Four states and four counties have begun preparations to commemorate the 2009 sesquicentennial anniversary of abolitionist John Brown’s raid on the arsenal at Harpers Ferry. The John Brown 150th Anniversary Quad-State Committee, comprised of various historians and officials from West Virginia, Pennsylvania, Virginia and Maryland, are planning and coordinating a range of commemoration events.
Officials responsible for organizing the commemorations say that events will include re-enactments, dramatic productions, art exhibits, academic lectures, special tours and much more.
On the evening of Oct. 16, 1859, Brown led a group of abolitionists on a six-mile march from the Kennedy Farm in Washington County, Md., across the railroad bridge into Harpers Ferry and seized control of the town in order to steal weapons from the old federal armory so they could be used in the cause against slavery. But because a passing train reached Frederick, Md., a telegram notifying the army of the attack enabled soldiers to respond before Brown could accomplish his goal.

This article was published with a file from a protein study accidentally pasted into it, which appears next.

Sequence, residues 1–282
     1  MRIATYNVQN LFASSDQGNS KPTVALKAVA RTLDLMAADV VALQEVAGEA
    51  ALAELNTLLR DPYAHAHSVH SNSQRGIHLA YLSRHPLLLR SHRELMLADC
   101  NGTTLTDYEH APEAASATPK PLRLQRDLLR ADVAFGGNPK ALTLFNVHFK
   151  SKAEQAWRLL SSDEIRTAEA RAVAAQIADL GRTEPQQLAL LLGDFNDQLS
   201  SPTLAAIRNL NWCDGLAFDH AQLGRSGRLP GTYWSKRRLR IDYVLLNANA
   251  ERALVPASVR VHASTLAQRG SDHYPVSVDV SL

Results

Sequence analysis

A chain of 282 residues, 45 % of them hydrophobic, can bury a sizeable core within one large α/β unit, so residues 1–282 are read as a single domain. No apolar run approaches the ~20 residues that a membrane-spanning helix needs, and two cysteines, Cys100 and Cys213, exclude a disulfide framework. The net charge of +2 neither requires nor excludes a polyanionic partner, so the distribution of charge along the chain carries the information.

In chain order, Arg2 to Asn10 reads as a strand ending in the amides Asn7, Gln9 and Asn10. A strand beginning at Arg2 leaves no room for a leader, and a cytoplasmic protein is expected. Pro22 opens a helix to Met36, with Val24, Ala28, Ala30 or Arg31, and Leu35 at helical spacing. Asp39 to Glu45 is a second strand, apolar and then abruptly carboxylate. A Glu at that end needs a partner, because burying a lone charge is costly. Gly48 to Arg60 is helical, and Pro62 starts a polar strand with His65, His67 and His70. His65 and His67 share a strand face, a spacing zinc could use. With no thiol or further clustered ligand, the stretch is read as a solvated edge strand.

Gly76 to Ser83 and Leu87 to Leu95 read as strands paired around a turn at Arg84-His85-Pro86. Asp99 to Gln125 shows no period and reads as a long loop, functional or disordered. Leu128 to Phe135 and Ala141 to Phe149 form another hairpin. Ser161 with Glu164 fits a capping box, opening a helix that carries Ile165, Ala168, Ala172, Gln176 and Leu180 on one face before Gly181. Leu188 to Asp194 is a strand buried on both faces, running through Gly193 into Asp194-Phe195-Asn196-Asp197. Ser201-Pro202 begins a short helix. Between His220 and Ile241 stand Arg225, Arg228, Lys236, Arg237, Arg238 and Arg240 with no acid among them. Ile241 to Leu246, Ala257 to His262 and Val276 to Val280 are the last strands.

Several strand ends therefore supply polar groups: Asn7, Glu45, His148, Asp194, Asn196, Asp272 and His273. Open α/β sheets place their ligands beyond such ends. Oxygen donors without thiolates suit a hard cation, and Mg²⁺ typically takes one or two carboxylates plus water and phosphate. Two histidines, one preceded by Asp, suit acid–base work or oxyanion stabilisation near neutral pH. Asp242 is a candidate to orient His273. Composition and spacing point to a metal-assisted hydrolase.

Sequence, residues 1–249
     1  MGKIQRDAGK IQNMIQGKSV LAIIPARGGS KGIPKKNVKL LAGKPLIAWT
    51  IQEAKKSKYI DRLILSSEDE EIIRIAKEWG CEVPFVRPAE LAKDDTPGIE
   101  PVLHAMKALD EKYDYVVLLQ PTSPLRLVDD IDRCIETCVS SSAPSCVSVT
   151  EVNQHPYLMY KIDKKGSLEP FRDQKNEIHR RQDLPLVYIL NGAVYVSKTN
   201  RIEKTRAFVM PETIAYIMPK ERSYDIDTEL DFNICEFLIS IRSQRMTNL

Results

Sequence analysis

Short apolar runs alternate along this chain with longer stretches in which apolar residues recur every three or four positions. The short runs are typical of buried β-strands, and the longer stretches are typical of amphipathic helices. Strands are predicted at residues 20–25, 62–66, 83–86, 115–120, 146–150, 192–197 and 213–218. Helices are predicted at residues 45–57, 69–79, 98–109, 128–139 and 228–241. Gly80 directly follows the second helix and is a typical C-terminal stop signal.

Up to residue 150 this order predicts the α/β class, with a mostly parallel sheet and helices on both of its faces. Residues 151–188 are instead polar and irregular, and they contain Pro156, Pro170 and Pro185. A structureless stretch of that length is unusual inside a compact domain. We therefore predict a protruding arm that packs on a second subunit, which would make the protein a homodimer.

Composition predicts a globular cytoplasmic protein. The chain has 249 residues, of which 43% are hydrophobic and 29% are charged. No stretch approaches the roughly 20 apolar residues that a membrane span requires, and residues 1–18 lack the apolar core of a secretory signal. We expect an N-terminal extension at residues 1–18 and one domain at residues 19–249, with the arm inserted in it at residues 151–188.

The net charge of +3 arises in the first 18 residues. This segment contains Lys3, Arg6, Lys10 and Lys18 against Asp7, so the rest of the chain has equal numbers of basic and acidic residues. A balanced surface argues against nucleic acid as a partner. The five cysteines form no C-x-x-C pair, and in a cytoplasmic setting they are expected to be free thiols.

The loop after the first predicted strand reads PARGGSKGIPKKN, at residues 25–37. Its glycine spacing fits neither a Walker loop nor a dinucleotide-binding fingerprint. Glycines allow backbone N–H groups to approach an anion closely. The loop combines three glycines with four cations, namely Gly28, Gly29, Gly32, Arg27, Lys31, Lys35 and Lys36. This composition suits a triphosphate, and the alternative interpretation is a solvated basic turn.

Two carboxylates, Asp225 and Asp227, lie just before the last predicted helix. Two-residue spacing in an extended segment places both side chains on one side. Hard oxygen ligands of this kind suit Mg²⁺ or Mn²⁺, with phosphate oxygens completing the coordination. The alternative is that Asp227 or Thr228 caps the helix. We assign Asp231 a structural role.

In December 1859, he was hanged in Charles Town for his attack. Historians agree that this was the spark that began the Civil War. Before John Brown’s famous raid, negotiations between the differing North-South factions might have been possible. However, after the attack – and Brown’s trial and hanging – emotions ran so high that armed conflict became an inevitable outcome.